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Reservation foes organize, rally

Published Dec. 12, 2003


A group opposed to the idea of a reservation for the Klamath Tribes started rallying Thursday, and members said they want to increase their numbers.

About 160 people met Thursday night at the Shilo Inn to talk about the negotiations that have been under way, also at the Shilo, among irrigators, tribal leaders, federal officials and others involved in the Basin's water issues. Another session in those talks was scheduled today.

Thursday night, many of those who object to a reservation stood up to urge the crowd to write to lawmakers, talk to friends and relatives, and walk a picket line outside the closed meetings.

"I don't think that my name or anyone else's name is going to affect a politician, but I think numbers will," said Dr. Calvin Hunt of Chiloquin.

Hunt is circulating a petition that says the signers want no part of the former reservation to be given to the Tribes. The Tribes are trying to get 690,000 acres of national forest land from the federal government.

The meeting was held by the Basin Alliance to Save the Winema and Fremont Forests.

Lynn Bayona, alliance chairman, said he was encouraged by the turnout and urged attendance at rallies today and Saturday. Today the group planned to picket outside the Shilo, and Saturday it planned to be outside a public meeting held by the Tribes at the Mabel Liskey Henzel Pavilion. Both rallies were set to start at noon.

"At this time we find the best thing is to get more numbers," Bayona said. "These numbers are the things that will get us through Greg Walden's door." Walden is the U.S. representative for southern and eastern Oregon, and he would play a key role in any vote in the Congress to restore a reservation.

Barbara Martin, a Klamath Falls real estate agent who helped organize protests at the A Canal headgates in 2001, said the group might have to engage in civil disobedience to get recognized. She said the picket lines should be a good start.

"I'm not saying break the law," she said. "When they see us, they will take notice."

Two members of the Klamath Tribes' spoke out against the possible land deal and the Tribes leadership, particularly Chairman Allen Foreman.

Marni Morrow, a tribal member from Klamath Falls, said the informal meetings smack of communism, with the people not being represented in a decision. She said if Foreman and the Tribes leadership really cared about what the public thought of the potential deal they would have been at the meeting Thursday night.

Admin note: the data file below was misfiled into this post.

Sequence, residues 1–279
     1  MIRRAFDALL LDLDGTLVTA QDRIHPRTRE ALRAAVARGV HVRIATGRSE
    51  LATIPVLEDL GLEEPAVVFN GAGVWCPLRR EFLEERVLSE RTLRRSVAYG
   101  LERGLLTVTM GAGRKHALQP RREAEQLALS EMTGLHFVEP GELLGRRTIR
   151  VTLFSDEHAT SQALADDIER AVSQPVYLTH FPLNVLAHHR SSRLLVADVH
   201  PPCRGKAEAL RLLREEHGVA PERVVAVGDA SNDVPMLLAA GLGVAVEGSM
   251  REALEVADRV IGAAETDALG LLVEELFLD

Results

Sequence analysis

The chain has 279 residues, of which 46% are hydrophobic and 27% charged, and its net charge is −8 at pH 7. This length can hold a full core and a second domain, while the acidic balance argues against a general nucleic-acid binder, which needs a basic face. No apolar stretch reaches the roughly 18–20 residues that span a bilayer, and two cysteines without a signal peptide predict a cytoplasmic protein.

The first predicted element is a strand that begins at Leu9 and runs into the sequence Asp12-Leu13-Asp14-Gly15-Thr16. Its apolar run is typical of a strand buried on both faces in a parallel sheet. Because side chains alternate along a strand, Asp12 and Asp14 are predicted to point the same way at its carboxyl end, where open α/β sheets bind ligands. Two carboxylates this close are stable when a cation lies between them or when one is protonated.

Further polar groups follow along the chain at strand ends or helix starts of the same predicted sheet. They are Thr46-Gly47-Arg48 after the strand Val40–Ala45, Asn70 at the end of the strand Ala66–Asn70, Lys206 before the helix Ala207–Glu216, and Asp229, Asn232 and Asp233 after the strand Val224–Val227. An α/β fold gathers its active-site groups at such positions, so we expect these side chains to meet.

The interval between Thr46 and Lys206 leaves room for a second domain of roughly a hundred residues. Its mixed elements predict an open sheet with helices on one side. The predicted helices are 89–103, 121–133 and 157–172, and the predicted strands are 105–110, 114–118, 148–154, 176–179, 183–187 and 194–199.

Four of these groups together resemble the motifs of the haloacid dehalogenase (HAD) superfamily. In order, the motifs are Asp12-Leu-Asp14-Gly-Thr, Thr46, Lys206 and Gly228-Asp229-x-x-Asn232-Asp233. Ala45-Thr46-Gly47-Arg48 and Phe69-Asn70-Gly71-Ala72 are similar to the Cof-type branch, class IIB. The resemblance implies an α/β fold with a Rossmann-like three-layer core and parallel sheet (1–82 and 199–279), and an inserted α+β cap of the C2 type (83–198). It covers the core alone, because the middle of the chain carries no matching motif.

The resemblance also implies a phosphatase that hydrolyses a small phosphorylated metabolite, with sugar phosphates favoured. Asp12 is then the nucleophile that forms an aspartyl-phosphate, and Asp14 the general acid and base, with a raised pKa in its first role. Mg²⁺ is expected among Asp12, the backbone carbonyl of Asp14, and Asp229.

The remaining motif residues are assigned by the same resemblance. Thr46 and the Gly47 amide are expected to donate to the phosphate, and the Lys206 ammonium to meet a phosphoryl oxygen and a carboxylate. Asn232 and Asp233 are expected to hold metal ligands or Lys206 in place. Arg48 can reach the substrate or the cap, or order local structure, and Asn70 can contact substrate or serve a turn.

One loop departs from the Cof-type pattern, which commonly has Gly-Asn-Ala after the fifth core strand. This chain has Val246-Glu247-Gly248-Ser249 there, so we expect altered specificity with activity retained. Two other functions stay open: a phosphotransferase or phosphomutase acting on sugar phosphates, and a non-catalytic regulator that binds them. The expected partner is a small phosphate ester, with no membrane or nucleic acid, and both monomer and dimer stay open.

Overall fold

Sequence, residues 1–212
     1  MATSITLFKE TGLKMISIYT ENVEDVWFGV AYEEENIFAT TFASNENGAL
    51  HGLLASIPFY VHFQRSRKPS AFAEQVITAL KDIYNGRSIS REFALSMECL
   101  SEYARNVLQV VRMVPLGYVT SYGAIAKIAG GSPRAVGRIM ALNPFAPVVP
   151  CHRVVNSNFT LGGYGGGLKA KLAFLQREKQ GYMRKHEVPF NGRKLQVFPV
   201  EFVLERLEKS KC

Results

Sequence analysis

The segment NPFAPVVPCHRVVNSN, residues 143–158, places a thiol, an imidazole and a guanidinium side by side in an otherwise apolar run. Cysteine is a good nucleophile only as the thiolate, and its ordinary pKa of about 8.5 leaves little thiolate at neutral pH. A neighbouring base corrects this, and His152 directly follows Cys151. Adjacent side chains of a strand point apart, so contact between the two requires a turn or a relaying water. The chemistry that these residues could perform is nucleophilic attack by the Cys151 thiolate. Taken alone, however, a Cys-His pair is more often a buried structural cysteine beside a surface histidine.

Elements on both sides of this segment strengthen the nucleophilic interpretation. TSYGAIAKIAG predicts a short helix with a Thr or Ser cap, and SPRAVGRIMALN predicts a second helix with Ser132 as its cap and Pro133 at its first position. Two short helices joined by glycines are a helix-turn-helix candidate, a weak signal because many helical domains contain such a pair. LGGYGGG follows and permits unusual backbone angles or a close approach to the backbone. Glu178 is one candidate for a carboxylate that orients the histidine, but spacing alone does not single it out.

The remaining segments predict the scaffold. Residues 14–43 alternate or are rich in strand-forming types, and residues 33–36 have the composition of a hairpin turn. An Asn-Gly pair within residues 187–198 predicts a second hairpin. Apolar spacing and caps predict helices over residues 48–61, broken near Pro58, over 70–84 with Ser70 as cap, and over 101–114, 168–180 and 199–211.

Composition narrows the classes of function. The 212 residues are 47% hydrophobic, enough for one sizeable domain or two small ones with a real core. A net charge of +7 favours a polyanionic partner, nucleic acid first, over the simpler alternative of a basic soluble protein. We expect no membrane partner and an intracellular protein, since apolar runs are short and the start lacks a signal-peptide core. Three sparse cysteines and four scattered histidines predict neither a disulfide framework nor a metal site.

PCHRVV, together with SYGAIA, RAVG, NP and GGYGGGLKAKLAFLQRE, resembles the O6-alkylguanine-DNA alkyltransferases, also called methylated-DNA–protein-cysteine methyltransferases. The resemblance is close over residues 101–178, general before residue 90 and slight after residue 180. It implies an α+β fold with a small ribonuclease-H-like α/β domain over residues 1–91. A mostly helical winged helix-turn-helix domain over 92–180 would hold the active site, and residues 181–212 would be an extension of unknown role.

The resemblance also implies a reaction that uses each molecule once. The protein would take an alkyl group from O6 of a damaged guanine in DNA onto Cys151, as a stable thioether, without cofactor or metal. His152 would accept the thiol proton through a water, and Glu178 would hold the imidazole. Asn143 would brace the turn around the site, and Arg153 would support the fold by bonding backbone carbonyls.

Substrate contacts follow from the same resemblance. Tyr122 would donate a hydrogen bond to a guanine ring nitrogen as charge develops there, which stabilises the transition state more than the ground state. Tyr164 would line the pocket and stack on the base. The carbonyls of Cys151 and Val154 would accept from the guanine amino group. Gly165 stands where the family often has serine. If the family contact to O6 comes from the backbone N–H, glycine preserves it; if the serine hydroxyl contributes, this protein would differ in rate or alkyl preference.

She said the Tribes need to explain what they would do with the land if they got it and need to learn about the farming lifestyle. She said she wants the Tribes to know what the agriculture community is fighting for and how hard its members work.

"I don't know a tribal member who could work as hard as a farmer, 375 days a year," Morrow said.

Later in the meeting, James Sanderville, a member of the Klamath and the Blackfeet tribes, said he questioned the Tribes leadership and why federal lawmakers want to deal with it.

Both Morrow and Sanderville said they plan to run for tribal office in the spring. Morrow said she didn't know what position she wants to run for and Sanderville said he wants to be the next chairman.

Meanwhile, two other members of the Tribes sat quietly throughout the meeting, scribbling notes.

One of the two was Joe Hobbs, vice chairman of the Tribes, who said he was not there as a tribal official. "I'm here to get notes for Saturday," he said.

The Alliance started forming about a month ago, members said. Members are Averil and Jerry Anderson, Bair, Bayona, Lani Hickey, Chris and Glenn Howard, Carolyn and Merle Carpenter, Buddy Reno and Charlie Whitlatch.

The board meets about once a week.

Merle Carpenter, one of the alliance's charter members, said the group "just felt that most people didn't have a voice and wanted to provide a venue for them to have a voice."

Whitlatch, another charter member, said getting Bayona to be the Alliance's chairman was key part of making the group work.

"Lynn is the linkage between the farmers and the other groups," he said.

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